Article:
Top Official Under Fire For Spending $3,230 on 12 Pens and Journals

June 01, 2018Jun 01, 2018

The Washington Post reported on Friday afternoon that EPA official Scott Pruitt spent $3,230 on a dozen pens and personalized journals. 

On August 14, 2017, an EPA staff member working with the store selling the pens and paper emailed Millan Hupp, Pruitt's head of scheduling. He informed Hupp that the fountain pens would price at around $1,560.00 and that other items, consisting of personalized journals, will add up to $1,670.00. 

“Yes, please order,” Hupp responded later that day. “Thank you.”

This exchange was included among thousands of pages of emails released this week as required by a lawsuit by the Sierra Club. These emails shed light on yet another episode of expensive tastes by top EPA leaders. This comes after scrutiny over expenditures of taxpayer money on first-class travel, an expensive security detail, a $43,000 phone booth, expensive vehicles and other expensive office upgrades.

In recent weeks, Pruitt has blamed some of the questionable expenditures on the agency's rank and file, claiming that he generally plays no role in decisions to spend money on travel or supplies. 

And indeed, this is probably true. It is unlikely that a person of Scott's status within the agency makes decisions about things and small as ordering fountain pens, regardless of how expensive they may be. On top of that, in order to prevent things like this from happening, Pruitt instituted a change requiring that any expense over $5,000 related to his duties be approved by top agency officials. 

“I’m having to answer questions about decisions that others made. And that’s not an excuse, it’s just reality," he said, explaining why he was making this change, according to the Washington Post. 

 The problem of high-level officials and staffers spending extravagant sums of money given to them by taxpayers isn't only a problem in the Trump administration. It has long been, and will likely continue to be, a problem of virtually all administrations.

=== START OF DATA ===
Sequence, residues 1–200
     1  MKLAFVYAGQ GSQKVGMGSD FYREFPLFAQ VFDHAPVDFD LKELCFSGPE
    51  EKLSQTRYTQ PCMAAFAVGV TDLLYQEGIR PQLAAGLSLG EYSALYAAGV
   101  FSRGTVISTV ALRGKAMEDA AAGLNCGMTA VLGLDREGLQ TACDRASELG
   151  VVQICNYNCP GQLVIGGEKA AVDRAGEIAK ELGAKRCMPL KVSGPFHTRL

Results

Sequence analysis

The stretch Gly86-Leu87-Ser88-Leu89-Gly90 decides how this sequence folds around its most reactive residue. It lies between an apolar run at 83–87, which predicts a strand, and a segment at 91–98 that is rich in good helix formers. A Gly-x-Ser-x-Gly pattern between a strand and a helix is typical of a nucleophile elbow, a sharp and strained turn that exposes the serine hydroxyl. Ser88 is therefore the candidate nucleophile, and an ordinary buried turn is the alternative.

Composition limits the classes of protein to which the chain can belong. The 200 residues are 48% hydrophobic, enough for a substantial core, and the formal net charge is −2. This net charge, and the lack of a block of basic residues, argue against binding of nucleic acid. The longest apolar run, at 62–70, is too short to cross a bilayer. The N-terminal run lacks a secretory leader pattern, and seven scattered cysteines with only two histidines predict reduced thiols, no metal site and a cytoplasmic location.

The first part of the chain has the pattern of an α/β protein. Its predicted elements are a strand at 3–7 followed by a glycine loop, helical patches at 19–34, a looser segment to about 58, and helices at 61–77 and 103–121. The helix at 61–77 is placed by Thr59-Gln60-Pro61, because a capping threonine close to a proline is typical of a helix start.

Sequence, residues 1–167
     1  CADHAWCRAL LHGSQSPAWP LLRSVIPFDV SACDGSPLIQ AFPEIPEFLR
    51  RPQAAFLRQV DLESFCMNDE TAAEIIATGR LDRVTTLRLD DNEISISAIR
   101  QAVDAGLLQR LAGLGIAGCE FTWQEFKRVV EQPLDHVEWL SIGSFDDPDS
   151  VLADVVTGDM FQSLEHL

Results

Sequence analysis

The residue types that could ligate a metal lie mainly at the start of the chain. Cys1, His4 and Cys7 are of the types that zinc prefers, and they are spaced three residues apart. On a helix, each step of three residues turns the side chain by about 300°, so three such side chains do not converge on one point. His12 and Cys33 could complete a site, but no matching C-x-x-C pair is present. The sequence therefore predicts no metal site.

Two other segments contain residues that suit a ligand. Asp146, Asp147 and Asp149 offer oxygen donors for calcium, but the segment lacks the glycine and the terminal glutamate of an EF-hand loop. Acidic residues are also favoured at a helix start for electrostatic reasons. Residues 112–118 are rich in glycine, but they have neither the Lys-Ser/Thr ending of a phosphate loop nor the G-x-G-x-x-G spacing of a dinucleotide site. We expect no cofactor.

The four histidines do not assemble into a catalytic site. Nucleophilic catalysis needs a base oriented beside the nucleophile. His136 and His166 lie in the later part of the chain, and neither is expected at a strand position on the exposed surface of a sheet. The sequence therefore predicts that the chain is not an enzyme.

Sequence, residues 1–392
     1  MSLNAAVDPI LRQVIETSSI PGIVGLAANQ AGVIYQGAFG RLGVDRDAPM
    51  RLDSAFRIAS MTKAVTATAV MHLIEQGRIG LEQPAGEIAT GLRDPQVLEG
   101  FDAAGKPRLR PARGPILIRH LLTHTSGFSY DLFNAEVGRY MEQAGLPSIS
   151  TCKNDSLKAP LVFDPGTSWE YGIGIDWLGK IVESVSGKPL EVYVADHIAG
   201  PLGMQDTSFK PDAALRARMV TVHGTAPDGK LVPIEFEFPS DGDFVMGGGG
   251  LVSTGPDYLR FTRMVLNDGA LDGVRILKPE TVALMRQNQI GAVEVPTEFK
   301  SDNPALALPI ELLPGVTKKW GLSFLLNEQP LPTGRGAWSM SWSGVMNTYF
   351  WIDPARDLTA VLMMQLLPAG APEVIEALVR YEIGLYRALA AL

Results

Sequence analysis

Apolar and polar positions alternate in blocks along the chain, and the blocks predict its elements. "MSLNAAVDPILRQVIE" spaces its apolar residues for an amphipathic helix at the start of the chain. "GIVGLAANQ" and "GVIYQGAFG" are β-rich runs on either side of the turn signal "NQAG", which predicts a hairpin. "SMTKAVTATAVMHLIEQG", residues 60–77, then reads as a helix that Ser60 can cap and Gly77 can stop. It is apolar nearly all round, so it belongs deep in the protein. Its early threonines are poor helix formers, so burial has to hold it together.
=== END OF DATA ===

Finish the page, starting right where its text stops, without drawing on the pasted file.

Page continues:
Many people have defended some of Pruitt's purchases, too. The National Review, for instance, claims that all of Pruitt's four noncommercial flights seemed justified. 

EPA spokeswoman Johan Wilcox, addressing an earlier scandal about driving in expensive planes, remarked that Pruit had a reason for the occasionally expensive plane trips. 

Pruit had a priority of visiting “cities, towns and states across the country hearing from Americans that were ignored by the past Administration.” That’s why he’s traveled to remote parts of the country. But Wilcox says “it is our policy to always fly commercial,” and in the “few instances that dictated otherwise . . . the decision to fly private or government aircraft was made based on necessity or efficiency.

Many believe that the negative media coverage of Pruitt is a way of discrediting the EPA under the Trump administration, especially as it seeks to overturn the majority of regulations and laws passed by the Obama administration. 

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